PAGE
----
The virulent strain, which has killed scores of people around the world, was discovered Sunday on a farm with about 5,000 turkeys, 1,000 ducks and 500 geese.
As a precaution, officials said they will extend the slaughter to four other farms with a total of 24,000 turkeys.
All five farms are associated with the same company, Gressingham Foods, the Department of Environment, Food and Rural Affairs said, adding that it wants to see if H5N1 has spread among them.
Gas was being used to quickly kill the birds and their carcasses were being taken away in leak-proof trucks.
"We're in the process of trying to find out what the source of this outbreak was," a DEFRA spokesman said on condition of anonymity, in keeping with department regulations.
Bird flu's return to Britain weeks before the Christmas holidays is yet another blow to Britain's farmers, already struggling after livestock herds were hit this year by foot-and-mouth and bluetongue.
The unidentified source of the outbreak was closely related to the strains found in the Czech Republic and Germany earlier this year, Chief Veterinary Officer Fred Landeg said.
If the bird flu spreads, it could devastate the hugely profitable Christmas trade in poultry.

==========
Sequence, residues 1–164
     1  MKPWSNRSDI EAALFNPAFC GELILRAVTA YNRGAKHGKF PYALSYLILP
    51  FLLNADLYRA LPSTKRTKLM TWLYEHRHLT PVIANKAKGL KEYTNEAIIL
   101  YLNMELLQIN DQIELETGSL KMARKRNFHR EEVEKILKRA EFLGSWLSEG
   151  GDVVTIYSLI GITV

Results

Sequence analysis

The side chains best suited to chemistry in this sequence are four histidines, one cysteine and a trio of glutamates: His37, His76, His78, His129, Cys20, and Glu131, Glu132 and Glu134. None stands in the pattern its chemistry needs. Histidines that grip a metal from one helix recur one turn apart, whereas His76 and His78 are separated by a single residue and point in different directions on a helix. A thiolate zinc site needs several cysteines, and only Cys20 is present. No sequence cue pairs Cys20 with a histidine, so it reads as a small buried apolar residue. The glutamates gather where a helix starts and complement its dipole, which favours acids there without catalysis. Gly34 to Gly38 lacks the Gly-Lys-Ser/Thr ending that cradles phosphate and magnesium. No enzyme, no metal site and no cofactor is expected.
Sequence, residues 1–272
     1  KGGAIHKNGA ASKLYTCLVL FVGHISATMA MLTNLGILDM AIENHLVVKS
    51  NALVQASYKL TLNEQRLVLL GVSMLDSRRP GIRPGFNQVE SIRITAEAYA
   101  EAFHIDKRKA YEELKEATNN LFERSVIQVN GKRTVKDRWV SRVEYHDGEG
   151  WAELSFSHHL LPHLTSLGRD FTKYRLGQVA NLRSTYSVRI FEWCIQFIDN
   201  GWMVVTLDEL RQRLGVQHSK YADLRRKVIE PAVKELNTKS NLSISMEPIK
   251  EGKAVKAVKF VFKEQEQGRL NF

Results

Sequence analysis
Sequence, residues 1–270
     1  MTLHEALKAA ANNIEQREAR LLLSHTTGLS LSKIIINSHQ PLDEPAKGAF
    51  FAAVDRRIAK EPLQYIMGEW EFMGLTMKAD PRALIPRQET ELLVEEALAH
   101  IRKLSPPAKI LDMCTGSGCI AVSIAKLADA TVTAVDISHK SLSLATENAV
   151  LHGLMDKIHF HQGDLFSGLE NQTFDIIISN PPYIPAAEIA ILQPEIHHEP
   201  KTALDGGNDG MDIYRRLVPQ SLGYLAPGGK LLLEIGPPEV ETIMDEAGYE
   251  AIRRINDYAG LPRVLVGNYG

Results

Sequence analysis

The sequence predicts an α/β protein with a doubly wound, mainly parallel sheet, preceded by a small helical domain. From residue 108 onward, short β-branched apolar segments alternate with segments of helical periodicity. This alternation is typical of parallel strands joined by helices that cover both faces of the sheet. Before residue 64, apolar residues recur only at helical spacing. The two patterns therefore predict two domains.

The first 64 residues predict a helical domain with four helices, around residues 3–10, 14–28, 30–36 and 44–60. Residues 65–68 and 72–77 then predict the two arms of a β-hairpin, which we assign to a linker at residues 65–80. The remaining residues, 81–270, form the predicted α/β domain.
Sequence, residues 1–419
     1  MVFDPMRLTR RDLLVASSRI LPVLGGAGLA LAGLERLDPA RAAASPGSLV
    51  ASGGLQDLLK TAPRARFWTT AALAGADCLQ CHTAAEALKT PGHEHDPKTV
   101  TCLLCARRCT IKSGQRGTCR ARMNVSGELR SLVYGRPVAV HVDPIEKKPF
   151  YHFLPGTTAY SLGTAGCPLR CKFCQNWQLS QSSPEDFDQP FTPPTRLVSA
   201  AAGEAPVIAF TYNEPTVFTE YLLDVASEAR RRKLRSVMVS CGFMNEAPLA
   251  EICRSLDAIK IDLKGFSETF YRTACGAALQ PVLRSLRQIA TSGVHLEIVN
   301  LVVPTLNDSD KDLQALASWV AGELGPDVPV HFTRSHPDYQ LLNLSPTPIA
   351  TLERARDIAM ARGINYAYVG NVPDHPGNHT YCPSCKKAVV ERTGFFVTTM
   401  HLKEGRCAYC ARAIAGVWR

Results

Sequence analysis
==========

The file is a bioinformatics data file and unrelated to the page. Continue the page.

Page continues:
Landeg said Britain had successfully contained an outbreak of H5N1 earlier this year that led to the slaughter of 160,000 turkeys.
Millions of birds worldwide have died or were slaughtered since late 2003, when H5N1 began ravaging Asian poultry stocks. It has killed at least 206 people worldwide since 2003.
Experts believe most victims were probably infected through direct contact with sick birds.
Bird flu is difficult for humans to catch, but experts fear it could mutate into a form that spreads easily among people, potentially sparking a flu pandemic.
In Europe, H5N1 previously was found in France, Switzerland, Germany and elsewhere. Human cases have been recorded in Turkey and Azerbaijan.